The Ultimate Guide to Holster Claws and No Claw Holsters
If you’ve ever owned a gun, then you know that a holster is a must-have accessory. They help protect your gun from the elements and make it much easier to carry around in a purse or back pocket. However, most people don’t realize that not all holsters are created equal.
There are two options to choose from: the holster claw and the no-claw holster. These are two options when it comes to holsters for your weapon. Holster claws are popular for tactical and law enforcement situations. The no-claws are the preferred option for concealed carry purposes. Which option should you use?
What is a claw on a holster?
A holster claw is a piece of equipment that is often used to help you carry a handgun. It is a small, plastic device that attaches to your holster and pushes the grip of your handgun back toward you. This is a great way to help you keep your handgun close to your body, especially when you are walking. This can be useful when you are carrying a lot of heavy items. However, it is not recommended for all people.
This attachment allows you to quickly and easily remove your handgun from its holster without having to fully draw it. This can be extremely useful when you are in a stressful situation, or if you are carrying your gun around with you all the time. The best ones are made of hard rubber or durable plastic and have a claw-like grip on one side. You slide your hand into the holster claw, and then simply twist to remove your weapon.
It’s most commonly used by law enforcement agencies to remove holsters from people who are resisting arrest. The way it works is, you grasp the gun handle with your other hand, and use the serrated edge to pry it out of the holster. After that, you can use your own weapon to subdue the criminal and take him into custody.
Advantages of using a holster claw:
- Discreet carry: Holster claws are effective at reducing printing, making them an excellent option for concealed carry.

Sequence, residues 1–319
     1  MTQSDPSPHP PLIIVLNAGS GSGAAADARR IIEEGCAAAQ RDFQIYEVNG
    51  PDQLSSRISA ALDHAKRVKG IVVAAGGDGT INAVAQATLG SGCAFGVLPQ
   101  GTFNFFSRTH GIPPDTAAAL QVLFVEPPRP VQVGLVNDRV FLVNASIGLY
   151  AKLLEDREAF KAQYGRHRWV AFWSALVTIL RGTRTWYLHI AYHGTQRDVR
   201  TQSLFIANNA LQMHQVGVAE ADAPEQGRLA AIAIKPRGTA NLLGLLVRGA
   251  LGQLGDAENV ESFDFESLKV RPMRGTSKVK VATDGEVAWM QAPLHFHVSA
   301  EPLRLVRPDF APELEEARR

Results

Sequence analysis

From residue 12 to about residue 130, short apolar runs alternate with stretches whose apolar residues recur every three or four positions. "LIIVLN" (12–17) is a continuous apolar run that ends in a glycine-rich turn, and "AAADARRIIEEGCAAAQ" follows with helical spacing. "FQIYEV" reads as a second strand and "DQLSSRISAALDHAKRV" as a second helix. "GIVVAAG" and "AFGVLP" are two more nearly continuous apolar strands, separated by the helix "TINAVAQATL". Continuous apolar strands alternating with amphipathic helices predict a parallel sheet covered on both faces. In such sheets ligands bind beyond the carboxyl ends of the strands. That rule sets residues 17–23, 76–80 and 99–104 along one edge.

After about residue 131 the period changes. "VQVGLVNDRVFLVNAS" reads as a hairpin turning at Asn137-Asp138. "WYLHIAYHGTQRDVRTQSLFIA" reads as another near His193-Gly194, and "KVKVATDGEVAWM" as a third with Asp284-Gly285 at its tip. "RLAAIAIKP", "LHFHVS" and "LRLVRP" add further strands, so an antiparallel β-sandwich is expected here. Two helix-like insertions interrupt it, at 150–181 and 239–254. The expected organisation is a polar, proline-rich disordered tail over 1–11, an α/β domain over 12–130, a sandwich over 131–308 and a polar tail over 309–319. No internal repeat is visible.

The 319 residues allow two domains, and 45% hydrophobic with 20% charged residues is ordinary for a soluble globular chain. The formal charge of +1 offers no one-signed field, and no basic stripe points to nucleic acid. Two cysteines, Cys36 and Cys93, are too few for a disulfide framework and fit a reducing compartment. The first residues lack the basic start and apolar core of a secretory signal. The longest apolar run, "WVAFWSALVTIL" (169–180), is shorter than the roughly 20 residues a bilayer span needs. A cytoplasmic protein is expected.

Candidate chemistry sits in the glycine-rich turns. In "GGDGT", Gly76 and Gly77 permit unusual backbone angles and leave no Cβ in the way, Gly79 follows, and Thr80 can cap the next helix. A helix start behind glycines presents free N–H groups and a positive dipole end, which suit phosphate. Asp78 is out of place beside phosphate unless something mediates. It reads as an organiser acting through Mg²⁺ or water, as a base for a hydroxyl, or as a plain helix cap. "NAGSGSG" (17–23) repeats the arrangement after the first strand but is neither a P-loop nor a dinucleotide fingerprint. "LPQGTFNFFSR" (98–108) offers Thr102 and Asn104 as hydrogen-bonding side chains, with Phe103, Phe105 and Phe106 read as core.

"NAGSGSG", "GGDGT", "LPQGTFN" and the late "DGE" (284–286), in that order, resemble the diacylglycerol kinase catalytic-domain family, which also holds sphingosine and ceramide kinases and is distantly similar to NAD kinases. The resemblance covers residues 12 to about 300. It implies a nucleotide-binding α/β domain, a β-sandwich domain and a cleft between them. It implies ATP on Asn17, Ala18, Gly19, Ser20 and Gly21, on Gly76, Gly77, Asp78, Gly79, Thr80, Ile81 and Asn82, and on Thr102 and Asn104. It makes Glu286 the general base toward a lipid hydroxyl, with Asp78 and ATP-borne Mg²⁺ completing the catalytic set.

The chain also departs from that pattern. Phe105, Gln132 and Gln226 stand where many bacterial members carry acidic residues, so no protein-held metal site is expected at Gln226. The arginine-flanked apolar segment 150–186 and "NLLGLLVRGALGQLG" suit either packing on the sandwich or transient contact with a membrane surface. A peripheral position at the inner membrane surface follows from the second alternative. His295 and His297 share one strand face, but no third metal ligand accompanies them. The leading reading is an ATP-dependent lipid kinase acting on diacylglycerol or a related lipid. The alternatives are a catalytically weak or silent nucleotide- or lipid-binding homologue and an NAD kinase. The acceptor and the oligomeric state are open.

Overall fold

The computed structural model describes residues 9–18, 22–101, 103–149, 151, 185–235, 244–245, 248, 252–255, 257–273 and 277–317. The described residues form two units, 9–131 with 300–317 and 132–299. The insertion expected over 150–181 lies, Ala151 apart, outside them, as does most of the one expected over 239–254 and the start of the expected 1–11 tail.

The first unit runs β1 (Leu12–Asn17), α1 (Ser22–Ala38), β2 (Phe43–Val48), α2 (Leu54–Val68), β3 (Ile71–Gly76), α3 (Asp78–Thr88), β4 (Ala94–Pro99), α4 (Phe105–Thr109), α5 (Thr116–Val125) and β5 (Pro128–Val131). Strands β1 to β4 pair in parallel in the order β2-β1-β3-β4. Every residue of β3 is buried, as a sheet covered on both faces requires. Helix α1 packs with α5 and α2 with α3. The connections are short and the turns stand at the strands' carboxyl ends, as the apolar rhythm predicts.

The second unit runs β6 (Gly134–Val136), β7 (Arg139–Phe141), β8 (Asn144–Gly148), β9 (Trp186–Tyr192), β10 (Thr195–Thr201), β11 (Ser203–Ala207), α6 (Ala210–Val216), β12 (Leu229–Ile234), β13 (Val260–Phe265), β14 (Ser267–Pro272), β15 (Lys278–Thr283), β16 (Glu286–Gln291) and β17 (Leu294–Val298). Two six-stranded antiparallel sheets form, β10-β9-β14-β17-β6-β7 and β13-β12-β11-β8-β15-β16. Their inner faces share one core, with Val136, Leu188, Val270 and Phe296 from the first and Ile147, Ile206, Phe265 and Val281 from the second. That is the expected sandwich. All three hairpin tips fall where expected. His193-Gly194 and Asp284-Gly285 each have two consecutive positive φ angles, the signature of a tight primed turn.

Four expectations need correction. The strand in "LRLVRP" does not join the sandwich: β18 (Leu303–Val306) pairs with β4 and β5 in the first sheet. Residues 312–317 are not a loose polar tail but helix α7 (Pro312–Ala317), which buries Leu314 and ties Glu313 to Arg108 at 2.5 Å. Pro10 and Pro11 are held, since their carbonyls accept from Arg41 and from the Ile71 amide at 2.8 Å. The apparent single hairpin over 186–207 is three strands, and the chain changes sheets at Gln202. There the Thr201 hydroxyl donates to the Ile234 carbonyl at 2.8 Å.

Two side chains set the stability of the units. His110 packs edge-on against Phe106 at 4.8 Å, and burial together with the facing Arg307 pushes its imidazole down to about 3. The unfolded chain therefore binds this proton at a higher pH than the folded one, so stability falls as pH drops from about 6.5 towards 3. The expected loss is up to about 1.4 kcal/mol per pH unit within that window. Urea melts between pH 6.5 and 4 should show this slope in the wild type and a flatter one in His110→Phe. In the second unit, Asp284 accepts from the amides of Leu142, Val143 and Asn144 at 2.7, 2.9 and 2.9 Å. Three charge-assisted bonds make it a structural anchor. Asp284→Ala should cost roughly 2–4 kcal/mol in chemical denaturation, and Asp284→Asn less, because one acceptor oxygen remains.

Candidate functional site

- Improved retention: The pressure created by the claw against the waistband or belt can help to keep the holster in place, preventing it from shifting or moving around.
- Comfortable: By rotating the grip of the firearm towards the body, holster claws can help to reduce discomfort and improve overall comfort when carrying.
Disadvantages of using a holster claw:
- Limited compatibility: Holster claws are not compatible with all holsters, and you may need to purchase a new holster that is specifically designed to work with a claw.
- Less versatile: Holster claws are designed primarily for concealed carry and may not be as useful for other applications.
What does a holster claw do?
A holster claw is a versatile tool that fits in the palm of your hand and has a long, thin, serrated edge. It is a handheld, small, portable, and easy-to-use attachment designed to hold and pull out a gun.
If you print a lot, a good way to help you avoid doing it again is to attach a little metal claw to the inside of your belt. This will hold your gun in place and keep it close to your body. It is used to remove the magazine from the weapon. It is also used to extract the cartridge from the chamber of a revolver.
If you are carrying a weapon, it is a good idea to have a way to quickly grab it and get it where you need it. One of the best ways to do this is to use a special holster on your body. However, if you are wearing a traditional holster, you may end up with a lot of prints on your garment because of the way the print on the holster will transfer to your pants or shirt. To avoid this, many people use this special attachment to their holsters. A holster claw is attached to the bottom of your holster. It has a long handle so that you can reach into your pocket, pull out your weapon, remove the ammo from the mag, and insert a new magazine. This makes it much easier to print and draw your weapon.
3 Most Important Reasons You Need a Holster Claw
- With a “claw” holster, your handgun sits flush against your body when you sit or stand. With a “no claw” holster, your gun sits a little above your hipbone. It allows you to use a much more natural shooting position and is preferred by experts like Secret Service agents. Many experts also claim it gives you a slight tactical advantage.
- With a Claw Holster, the claw extends below the trigger guard and is perpendicular to the handle. This provides the most positive grip for those times when you need to use the claw for self-defense. With a No Claw Holster, the claw does not extend below the trigger guard and is parallel to the handle. This allows for a more traditional draw from a holster. This is the grip you will get with any standard 1911-style handgun.